As I continue to read and reveal the complexities of paradoxes that exist in groups, I am discovering just how important trust can truly be in the success of a group. In chapter 6 of our text, Paradoxes of Group Life, the concept of and paradox surrounding trust in terms of becoming part of a group was discussed. But as I now conclude my readings of chapter 7 on a different set of paradoxes, speaking, I am uncovering trust’s involvement as the group begins to move forward and act as well. As the group authorizes or grants influence to an individual, they must place their trust in that individual and their ability to lead and empower others. When considering group dependency, we find ourselves deciding whether or not we can trust the members of our group before we can strike out on our own to stand against the group and perhaps their current position. And if we do not feel that trust, we could be in danger of entering yet another paradox, the one of Abilene (perhaps?). For the paradox of creativity, consider the account of Glidewell and his student found on page 144. In order for the student to receive criticism on her efforts at creativity, efforts that she held so near and dear, did she not first have to trust her professor and his judgement of her attempts?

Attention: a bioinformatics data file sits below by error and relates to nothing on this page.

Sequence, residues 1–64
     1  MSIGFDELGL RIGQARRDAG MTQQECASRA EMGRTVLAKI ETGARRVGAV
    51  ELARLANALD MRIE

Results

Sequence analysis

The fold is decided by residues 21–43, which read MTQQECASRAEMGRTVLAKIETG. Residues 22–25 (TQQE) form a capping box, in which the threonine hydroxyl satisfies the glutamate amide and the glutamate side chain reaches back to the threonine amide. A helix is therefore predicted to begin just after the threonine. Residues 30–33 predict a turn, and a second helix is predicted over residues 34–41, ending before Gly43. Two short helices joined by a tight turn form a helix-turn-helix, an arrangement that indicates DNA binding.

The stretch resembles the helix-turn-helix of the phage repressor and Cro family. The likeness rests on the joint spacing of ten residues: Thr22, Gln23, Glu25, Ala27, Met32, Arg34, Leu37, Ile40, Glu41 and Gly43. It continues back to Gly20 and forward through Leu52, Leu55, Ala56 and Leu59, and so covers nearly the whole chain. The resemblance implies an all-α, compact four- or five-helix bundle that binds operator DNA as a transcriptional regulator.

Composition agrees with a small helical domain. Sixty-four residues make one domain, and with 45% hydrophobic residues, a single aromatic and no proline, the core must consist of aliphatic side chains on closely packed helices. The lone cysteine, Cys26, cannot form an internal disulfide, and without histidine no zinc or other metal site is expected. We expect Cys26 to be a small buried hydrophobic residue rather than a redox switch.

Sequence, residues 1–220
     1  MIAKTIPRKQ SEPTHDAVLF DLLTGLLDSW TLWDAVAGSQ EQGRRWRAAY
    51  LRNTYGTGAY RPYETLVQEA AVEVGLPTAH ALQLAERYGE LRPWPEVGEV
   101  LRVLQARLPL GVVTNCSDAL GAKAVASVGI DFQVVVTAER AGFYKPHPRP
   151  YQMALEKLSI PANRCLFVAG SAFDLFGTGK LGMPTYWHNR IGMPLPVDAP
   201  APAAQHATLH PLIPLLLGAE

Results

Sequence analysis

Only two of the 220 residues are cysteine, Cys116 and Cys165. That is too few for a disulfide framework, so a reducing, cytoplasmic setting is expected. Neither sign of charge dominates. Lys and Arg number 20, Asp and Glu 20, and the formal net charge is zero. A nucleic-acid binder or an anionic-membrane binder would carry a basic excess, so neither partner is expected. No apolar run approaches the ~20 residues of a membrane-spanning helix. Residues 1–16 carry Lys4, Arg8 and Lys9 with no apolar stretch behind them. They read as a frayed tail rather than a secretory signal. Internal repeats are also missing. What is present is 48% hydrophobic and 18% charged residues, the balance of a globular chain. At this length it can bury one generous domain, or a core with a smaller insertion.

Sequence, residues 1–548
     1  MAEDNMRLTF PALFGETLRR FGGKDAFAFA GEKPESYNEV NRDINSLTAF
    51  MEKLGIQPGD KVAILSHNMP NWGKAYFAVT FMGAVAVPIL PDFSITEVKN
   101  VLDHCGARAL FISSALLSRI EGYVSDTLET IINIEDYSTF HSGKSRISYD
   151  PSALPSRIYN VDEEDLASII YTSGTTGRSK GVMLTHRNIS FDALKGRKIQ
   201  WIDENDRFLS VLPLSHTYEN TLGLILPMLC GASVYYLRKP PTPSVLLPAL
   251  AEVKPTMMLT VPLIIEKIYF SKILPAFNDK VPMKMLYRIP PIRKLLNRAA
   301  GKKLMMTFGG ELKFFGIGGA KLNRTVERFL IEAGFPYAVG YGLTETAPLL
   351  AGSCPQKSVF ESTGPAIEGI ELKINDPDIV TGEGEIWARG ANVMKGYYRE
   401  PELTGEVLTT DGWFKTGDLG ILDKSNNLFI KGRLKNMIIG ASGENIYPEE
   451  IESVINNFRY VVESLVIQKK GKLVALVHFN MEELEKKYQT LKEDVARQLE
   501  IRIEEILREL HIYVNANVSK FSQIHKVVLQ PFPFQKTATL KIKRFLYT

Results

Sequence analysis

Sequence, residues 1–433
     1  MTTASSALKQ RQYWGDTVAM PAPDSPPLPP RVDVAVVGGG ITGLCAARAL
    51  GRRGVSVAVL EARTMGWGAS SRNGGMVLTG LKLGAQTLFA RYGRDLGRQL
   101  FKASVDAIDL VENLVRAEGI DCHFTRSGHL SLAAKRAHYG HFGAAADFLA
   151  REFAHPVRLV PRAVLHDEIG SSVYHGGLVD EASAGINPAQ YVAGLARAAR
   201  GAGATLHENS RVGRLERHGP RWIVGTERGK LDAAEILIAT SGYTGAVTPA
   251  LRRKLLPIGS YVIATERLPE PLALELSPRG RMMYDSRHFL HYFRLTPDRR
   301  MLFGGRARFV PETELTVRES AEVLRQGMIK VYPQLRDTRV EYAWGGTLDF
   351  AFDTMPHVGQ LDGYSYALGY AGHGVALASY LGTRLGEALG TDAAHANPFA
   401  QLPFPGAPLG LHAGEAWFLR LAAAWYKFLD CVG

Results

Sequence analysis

One may argue that, in considering the paradoxes of courage, that this is the true connection in all described thus far as opposed to trust. For it is indeed courage that allows us to take the leap of faith necessary for each level of growth an individual must endure in a group. I however still may argue that without trust, whether trust in our own abilities or convictions or trust in the members of the group as a whole, would members have the courage to step outside of their comfort zones so often? Perhaps I am way off base here, admittedly this text at times for me requires a second read in order to wrap my head around it. But if I am considering the meanings correctly, the importance of trust can truly bring you back to the need for proper group establishment in the very beginning. For without the proper beginning, can a group truly learn to trust each other so that they can be as effective as these paradoxes have taught us that they should/could be?